2019-May-05: Chaos Seed: The Feng Shui Dungeon Keeper ARPG
Chaos Seed: Fuusui Kairoki (localized by fan translators as Chaos Seed: Feng Shui Chronicles) is a rare thing in the SNES/SFC library: a completely unique concept that defies comparison to any other game in the library, or maybe in the libraries of its entire generation of platforms. The closest thing I can call it, albeit as a little bit of a tongue-in-cheek joke, is a Feng Shui based Dungeon Keeper in an engine not unlike Neugier or, if you don't follow the weird imports I've played, Illusion of Gaia.
The core gist of it is this: you're an earth mage (A Dousen, in the translation) on a mission to heal and tend the earth by injecting spiritual energy into ley lines that encompass the planet. To do this you have to build an enchanted cave that consists of energy gathering rooms. To support and upgrade those rooms, you need summons, production/upgrade materials (Sentan), methods of defending the cave from intruders, and the like. It's very Dungeon Keeper but with the player taking the role of a misunderstood good guy instead of a very properly understood villain.
The game takes place across several scenarios. At the start of each scenario your Dousen is returned to level 1, your cave is reset, and a different arc of the plot unfolds. You're told how much energy you need to inject into the ley line (or Dragon Vein), and are sent off to accomplish the task. Through each scenario scripted events occur to further the plot, you're given access to side-areas to explore to gather resources and uncover new characters, items, creatures, and the like... and eventually you overcome the invaders in your cave and meet your goal to close out the scenario and see the ending play out.
Each scenario then consists of an arbitrary number of turns. Each turn lasts for anywhere from 20 to 45 time units (which seem to be around 5 seconds each) and you are allowed to roam your cave freely during this time, building rooms, repelling invaders with action RPG combat, harvesting energy and sentan from production and refinery rooms, and visiting the Dragon Furnace at the cave's core to deposit the energy and possibly visit side-dungeons underneath the cave. Between turns you can upgrade rooms with sentan, inspect the state of your cave, and order your summoned monsters to maintain and guard the cave. Every scenario but one has an infinite number of turns, the scenario only ending when you finish the goal at hand.
This is what creates a unique game cycle in Chaos Seed: each turn you have about 1-2minutes to make the changes you want in your cave, repel the invaders, harvest energy, and get to the Furnace to deliver it. Many times you will not be able to do everything you want in one turn, so you have to prioritize, plan, and make sacrifices. Then of course, there's building the cave...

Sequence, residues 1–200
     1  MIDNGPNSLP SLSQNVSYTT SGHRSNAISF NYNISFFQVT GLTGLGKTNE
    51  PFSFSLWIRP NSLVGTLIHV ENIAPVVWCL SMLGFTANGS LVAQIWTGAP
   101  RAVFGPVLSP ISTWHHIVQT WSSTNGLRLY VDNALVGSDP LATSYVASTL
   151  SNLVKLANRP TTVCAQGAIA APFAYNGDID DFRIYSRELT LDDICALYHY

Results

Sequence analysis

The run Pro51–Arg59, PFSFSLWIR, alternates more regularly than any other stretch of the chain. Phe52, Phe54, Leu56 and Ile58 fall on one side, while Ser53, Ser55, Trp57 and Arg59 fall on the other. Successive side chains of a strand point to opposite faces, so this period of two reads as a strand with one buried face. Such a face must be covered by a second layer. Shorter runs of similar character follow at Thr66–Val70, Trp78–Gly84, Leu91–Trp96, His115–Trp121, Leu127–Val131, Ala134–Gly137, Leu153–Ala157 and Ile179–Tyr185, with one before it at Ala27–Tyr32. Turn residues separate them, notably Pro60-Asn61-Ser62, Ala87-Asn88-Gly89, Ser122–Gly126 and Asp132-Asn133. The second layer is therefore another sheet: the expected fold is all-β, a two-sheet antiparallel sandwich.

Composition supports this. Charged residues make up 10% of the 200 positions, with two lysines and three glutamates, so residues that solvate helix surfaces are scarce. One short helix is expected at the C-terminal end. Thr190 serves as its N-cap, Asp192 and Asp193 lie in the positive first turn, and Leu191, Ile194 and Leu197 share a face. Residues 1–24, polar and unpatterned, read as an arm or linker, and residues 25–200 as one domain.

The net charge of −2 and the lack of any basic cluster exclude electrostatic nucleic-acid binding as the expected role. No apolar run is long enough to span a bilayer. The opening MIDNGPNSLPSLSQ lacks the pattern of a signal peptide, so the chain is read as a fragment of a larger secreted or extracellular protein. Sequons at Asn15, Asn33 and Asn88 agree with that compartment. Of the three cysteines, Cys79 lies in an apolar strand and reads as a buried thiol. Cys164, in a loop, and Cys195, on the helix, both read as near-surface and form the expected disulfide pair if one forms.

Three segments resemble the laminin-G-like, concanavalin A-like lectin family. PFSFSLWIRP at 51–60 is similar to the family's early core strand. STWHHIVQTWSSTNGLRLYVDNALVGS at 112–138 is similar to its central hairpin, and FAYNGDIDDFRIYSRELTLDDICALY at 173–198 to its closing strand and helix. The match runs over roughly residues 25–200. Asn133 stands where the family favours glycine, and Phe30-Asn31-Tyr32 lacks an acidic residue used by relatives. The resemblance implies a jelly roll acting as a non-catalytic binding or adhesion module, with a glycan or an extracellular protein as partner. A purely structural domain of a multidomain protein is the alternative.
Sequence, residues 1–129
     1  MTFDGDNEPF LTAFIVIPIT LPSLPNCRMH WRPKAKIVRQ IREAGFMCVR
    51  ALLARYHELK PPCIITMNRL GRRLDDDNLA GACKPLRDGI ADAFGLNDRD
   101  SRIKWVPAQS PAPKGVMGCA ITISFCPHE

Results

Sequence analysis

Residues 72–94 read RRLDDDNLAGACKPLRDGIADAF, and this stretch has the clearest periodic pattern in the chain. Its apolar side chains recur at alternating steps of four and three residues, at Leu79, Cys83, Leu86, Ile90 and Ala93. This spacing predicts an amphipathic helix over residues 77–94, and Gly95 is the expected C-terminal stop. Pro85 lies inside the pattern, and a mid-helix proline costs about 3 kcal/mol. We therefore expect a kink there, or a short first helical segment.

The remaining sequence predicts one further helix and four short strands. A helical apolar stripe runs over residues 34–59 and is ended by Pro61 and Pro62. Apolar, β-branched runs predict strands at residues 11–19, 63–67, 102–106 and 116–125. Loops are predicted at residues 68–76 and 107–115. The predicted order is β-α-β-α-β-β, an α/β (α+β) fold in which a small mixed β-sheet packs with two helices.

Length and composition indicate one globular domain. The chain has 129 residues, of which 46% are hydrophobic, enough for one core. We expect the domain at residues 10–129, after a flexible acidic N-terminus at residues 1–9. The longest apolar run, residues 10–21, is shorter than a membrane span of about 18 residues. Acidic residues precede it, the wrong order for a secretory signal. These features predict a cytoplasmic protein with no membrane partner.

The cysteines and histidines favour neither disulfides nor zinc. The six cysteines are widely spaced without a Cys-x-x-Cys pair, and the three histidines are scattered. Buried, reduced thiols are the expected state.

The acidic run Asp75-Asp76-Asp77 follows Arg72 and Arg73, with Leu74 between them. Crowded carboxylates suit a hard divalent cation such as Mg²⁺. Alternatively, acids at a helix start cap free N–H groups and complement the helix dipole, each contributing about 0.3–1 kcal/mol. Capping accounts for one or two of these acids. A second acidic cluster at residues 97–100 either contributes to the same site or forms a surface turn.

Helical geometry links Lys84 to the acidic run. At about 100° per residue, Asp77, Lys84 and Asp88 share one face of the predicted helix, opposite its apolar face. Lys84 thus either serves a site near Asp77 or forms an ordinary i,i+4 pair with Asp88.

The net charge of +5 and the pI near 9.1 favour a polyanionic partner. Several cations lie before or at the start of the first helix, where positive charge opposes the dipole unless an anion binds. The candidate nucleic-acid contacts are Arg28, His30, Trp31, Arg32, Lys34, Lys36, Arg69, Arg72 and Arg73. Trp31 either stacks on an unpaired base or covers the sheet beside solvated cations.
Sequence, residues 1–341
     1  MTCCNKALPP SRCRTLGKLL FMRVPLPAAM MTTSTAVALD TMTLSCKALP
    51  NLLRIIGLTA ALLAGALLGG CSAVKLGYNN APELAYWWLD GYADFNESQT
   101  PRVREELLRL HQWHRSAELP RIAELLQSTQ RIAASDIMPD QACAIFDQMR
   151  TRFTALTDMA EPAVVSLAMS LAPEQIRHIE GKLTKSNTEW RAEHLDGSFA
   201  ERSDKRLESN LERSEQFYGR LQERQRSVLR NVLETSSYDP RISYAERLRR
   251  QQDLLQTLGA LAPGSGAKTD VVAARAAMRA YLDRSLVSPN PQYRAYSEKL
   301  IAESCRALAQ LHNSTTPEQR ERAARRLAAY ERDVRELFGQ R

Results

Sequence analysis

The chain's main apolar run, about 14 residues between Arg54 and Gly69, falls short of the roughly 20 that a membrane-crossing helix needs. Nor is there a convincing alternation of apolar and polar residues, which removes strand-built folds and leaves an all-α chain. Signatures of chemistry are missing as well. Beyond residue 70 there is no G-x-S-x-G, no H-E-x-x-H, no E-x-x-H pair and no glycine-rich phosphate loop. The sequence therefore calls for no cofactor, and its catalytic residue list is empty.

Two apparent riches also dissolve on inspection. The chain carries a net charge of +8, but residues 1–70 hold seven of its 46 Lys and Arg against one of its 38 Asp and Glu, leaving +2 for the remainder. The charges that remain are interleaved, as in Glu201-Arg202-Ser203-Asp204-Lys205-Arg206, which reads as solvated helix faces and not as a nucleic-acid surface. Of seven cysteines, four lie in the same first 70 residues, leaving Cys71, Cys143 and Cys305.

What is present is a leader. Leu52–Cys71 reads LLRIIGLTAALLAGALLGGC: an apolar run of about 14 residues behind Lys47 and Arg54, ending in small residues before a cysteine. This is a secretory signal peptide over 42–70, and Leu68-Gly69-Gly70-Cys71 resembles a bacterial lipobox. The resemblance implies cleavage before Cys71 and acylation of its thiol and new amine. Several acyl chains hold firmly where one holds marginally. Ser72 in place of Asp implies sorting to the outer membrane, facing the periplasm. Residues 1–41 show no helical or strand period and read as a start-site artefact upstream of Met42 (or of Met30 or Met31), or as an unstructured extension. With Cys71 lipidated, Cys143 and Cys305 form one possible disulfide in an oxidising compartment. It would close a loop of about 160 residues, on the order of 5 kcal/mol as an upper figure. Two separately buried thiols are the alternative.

Scenarios start with part of a cave built; at least a room. You expand the cave by walking up to a wall and pulling on it. Once you do so, the build interface opens and from here you can expand your cave through the pulled wall with either a corridor or another room. There's eight room types and you need most of them to make a successful cave:
- Production Rooms which give energy
- Refineries which give sentan, which is needed to summon and upgrade
- Summoning Rooms to summon and heal monsters
- Transfer Rooms to warp across the cave
- Detection Rooms to see incoming invaders and the portals they use
- Attack Rooms open fire on invaders that enter them, and allow the purchase of traps
- Excavation Rooms produce random items that can be used or equipped
- Storage Rooms allow you to store items for retrieval later, and also increase how much energy you can dump into the Furnace
You can, technically, finish the game building nothing but Production Rooms, but it would take utterly forever. Instead, you build Production Rooms, upgrade them to produce more energy with sentan from Refineries, traffic that sentan to the Production Rooms with monsters from Summon Rooms, and better defend your cave with Transfer and Detection Rooms. The other three room types are less necessary but still useful.
The productivity of a room is determined by several factors including its size, and how many energy, sentan, or item nodes are inside of it. These nodes appear randomly in each map, and are impactful enough that it's worth going a little out of your way to make sure your rooms include them. Additionally, while there's eight room types, a given room can only be one of six of them; this is determined by the room's element, which is determined by its position. This will frequently ruin your carefully laid plans as you create a perfect room encircling half a dozen energy nodes, in a perfect place, and find that specific room cannot be a Production Room due to its element. Alas.